Who It Suits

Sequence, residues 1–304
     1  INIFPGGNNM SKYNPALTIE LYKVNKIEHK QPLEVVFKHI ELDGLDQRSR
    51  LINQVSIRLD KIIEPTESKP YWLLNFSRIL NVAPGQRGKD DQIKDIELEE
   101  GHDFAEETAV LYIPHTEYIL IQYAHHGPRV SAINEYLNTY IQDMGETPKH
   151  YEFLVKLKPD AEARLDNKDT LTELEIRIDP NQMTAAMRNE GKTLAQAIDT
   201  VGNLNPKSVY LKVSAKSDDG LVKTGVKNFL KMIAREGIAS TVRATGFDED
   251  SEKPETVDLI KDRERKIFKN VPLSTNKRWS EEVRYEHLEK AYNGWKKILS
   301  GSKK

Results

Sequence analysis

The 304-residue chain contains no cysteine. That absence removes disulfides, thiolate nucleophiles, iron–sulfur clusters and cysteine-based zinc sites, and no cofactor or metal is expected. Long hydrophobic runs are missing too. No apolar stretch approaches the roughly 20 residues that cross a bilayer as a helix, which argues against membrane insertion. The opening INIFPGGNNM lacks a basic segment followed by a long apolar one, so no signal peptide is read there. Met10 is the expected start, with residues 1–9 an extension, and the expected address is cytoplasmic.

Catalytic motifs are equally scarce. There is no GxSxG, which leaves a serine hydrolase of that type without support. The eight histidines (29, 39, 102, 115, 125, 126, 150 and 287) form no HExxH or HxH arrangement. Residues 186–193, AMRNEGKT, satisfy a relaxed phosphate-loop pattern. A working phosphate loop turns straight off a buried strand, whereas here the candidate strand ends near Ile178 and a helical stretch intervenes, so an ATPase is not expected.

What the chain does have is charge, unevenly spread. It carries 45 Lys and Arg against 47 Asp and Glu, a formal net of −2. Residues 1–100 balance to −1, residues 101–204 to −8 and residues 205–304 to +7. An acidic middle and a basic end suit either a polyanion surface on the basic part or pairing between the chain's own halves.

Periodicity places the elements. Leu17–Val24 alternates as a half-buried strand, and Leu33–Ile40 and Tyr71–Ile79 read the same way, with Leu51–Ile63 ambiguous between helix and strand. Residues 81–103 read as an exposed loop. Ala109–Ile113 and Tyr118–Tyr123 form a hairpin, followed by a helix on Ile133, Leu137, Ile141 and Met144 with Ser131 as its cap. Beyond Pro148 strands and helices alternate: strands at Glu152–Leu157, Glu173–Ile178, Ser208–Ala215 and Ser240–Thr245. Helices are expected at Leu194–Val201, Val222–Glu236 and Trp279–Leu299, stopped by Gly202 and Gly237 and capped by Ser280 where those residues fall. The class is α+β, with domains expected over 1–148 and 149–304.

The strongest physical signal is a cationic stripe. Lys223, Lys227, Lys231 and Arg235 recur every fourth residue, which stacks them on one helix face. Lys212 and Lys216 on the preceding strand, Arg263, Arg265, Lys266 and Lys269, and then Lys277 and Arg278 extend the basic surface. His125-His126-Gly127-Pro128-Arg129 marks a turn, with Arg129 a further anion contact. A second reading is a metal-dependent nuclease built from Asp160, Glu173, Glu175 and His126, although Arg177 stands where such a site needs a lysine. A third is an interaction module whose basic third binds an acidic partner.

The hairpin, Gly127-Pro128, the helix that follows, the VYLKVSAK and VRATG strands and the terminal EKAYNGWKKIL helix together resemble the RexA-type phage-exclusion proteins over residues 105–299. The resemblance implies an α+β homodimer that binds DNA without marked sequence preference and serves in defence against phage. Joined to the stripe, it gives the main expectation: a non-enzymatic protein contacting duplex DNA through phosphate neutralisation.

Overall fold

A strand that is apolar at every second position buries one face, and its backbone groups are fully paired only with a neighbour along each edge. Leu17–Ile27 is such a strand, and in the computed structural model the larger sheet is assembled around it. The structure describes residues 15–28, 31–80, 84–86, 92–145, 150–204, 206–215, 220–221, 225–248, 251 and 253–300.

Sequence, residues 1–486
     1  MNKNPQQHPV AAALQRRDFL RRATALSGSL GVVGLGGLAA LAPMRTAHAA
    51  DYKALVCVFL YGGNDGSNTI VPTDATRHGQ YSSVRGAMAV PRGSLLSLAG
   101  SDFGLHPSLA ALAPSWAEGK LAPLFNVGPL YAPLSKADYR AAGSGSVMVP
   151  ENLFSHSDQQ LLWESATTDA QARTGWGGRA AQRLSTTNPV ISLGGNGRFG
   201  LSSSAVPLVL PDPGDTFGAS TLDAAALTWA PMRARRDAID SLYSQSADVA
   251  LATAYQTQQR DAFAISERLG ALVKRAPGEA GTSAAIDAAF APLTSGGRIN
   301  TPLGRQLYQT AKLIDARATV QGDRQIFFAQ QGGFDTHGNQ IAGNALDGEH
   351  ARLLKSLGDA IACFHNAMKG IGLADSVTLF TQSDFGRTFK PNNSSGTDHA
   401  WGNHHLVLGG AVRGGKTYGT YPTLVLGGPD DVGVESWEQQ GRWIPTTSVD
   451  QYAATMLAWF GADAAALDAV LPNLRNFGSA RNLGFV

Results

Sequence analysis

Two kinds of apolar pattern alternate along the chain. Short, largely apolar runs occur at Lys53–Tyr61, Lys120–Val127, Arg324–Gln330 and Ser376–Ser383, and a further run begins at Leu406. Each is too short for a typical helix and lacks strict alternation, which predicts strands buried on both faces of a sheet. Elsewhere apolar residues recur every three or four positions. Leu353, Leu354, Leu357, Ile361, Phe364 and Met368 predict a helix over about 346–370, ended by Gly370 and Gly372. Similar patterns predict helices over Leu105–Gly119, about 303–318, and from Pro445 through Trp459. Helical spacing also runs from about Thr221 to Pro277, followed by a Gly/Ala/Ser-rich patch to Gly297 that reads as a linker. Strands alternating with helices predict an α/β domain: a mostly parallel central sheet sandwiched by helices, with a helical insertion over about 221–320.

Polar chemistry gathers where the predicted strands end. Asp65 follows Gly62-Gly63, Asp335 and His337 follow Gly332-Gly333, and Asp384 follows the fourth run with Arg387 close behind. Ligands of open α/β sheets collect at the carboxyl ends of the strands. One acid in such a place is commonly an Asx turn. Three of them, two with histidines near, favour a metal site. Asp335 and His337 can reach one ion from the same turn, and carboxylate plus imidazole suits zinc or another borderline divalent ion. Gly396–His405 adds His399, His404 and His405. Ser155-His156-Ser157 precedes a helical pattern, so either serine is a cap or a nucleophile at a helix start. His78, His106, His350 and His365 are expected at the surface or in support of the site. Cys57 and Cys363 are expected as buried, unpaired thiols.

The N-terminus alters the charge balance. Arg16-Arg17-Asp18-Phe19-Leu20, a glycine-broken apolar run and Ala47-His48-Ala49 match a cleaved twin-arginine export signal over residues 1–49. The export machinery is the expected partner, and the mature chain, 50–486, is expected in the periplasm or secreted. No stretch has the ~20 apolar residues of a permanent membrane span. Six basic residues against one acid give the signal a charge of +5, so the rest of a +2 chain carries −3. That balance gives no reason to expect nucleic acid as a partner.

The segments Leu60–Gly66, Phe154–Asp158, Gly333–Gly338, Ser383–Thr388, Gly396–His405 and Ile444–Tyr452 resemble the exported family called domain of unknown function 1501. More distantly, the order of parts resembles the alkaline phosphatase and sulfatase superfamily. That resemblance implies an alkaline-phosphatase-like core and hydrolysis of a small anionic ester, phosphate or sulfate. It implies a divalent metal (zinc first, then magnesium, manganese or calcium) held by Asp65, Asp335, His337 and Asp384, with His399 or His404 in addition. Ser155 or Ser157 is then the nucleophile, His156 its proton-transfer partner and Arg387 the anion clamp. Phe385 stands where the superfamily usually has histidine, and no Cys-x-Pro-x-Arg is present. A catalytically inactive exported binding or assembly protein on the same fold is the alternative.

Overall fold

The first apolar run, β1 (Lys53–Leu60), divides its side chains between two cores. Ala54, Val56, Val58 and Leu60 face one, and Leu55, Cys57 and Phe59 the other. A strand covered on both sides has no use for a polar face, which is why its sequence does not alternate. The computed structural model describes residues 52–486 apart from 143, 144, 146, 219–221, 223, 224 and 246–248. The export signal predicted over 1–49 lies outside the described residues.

As a cyclist and adventure photographer I like a bag that works well for both commuting/ every day as well as the specific uses it was intended for. Some days I am hiking to 13,000 feet. A 30L size is a bit big to fill up, throw on your back and ride 15 miles. But the first day I had it I wanted to give it a shot. I had to head into my studio and had all my gear at the house from a shoot the previous day. So I threw in two camera bodies with lenses, my lunches (I pack enough to feed a small family), my laptop and some assorted goods. The 30L bag has a laptop sleeve on the back that works for my 13″ but will not fit a 15″. There is enough room on the front to carry a 15,” but it does not have the built-in padded protection that the rear compartment has. But within the first few miles of my ride, I knew this bag was going to be a winner. The frame sat well, it kept the weight from pulling on the shoulders and felt comfortable on the hips. The airflow was decent, but not amazing.